Server makers are announcing several new machines in conjunction with the Rev F launch in addition to new models that IBM announced in August and Sun announced in July. Among them are the following:
HP's dual-processor BL25p G2 and four-processor BL45p G2 upgrade earlier blade server models for HP's older P-Class server chassis, while the equivalent BL465c and BL685c models will be available for the new C-Class chassis, which features more sophisticated power management. The new servers will be available in the fourth quarter, when HP will announce pricing, said John Gromala, director of server platform marketing.
HP's 3.5-inch-thick DL385 G2 and 7-inch-thick DL585 G2 rack-mounted servers that accommodate two and four Rev F Opterons, respectively. Because of faster memory, the systems are about 15 percent faster than their predecessors. They're also due in the fourth quarter.
Sun upgraded its 1.75-inch-thick uniprocessor Sun Fire X2100 to the X2100 M2. The new system, designed to Sun's specifications but not by Sun itself, costs $945 for a bare-bones model.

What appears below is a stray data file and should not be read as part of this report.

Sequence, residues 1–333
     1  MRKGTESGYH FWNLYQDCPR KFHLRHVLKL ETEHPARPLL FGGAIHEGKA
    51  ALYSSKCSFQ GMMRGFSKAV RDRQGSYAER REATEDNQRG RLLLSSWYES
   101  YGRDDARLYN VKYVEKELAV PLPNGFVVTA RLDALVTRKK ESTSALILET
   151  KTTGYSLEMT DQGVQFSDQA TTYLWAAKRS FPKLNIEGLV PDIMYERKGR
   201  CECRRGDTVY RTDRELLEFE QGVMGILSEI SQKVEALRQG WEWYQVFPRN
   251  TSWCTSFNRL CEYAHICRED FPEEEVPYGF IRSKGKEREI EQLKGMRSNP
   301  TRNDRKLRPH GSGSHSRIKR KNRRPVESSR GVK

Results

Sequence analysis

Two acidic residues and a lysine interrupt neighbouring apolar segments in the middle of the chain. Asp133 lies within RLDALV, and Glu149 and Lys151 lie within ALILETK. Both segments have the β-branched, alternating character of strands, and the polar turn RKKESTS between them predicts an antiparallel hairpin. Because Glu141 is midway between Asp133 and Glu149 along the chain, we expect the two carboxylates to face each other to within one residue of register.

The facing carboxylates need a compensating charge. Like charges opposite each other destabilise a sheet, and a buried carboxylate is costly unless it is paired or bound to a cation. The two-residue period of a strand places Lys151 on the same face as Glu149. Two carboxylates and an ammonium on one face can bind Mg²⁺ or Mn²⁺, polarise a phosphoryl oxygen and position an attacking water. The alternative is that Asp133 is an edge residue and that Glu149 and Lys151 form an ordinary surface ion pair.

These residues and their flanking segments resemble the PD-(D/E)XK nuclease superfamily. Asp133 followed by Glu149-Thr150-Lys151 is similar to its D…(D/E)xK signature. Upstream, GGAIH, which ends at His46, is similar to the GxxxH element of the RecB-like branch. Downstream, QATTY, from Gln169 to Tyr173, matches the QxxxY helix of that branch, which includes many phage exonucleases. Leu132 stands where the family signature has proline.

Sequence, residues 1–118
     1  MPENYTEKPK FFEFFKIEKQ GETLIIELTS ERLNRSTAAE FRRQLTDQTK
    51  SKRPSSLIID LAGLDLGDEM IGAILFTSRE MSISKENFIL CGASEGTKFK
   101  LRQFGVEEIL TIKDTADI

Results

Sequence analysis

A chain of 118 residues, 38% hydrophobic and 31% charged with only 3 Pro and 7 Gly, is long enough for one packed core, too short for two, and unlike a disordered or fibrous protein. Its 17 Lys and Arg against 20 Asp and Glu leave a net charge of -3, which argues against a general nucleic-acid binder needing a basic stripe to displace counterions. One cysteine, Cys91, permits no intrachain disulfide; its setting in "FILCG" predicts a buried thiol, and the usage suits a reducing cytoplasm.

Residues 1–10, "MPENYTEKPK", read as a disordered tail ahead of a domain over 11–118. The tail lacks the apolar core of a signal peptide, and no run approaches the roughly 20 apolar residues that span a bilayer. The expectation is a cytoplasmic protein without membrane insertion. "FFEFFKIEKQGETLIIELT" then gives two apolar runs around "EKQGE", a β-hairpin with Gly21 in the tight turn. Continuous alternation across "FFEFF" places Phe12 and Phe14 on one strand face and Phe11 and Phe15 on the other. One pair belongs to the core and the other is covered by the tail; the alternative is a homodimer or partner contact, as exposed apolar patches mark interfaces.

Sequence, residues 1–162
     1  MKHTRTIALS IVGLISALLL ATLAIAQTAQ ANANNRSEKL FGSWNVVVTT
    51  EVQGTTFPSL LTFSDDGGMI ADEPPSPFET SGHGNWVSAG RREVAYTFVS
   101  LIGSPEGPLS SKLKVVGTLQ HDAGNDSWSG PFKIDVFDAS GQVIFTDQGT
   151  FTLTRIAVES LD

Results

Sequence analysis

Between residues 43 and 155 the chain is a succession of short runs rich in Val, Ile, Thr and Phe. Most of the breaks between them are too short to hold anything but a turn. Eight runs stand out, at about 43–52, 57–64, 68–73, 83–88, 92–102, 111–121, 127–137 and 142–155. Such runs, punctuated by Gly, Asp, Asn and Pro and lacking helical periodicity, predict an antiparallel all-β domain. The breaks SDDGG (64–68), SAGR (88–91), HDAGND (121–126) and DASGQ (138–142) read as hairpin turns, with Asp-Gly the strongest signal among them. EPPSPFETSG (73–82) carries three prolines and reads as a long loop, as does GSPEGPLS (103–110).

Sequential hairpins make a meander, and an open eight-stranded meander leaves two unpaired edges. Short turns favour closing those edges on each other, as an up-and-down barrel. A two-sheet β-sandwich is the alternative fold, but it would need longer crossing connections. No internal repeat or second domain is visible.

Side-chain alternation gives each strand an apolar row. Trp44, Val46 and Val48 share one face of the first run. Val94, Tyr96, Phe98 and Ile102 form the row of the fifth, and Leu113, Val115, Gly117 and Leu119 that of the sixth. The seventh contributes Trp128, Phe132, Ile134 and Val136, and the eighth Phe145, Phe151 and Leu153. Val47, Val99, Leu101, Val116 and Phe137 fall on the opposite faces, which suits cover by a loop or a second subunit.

Sun introduced the new dual-processor X2200 M2. Because it lacks redundant power supplies, is best suited for high-performance technical computing clusters or lower-end tasks such as Web serving where an individual server failure is tolerable. Sun phased out an earlier equivalent dual-processor design, the V20z, said Pradeep Parmar, a Sun director. An X2200 M2 costs $1,595 for an entry-level model with a single 1.8GHz Opteron 2210 and $5,895 for one with dual 2.6GHz Opteron 2218 processors and 8GB of memory.
IBM announced starting prices for its newly uncloaked Opteron server line, which the company said will be available in September. The dual-processor LS21 blade server begins at $2,699; the four-processor LS41 begins at $8,099; the dual-processor System x3455 for technical computing tasks begins at $2,118; the dual-processor x3655 for business computing begins at $2,809; and the four-processor x3755 begins at $6,999.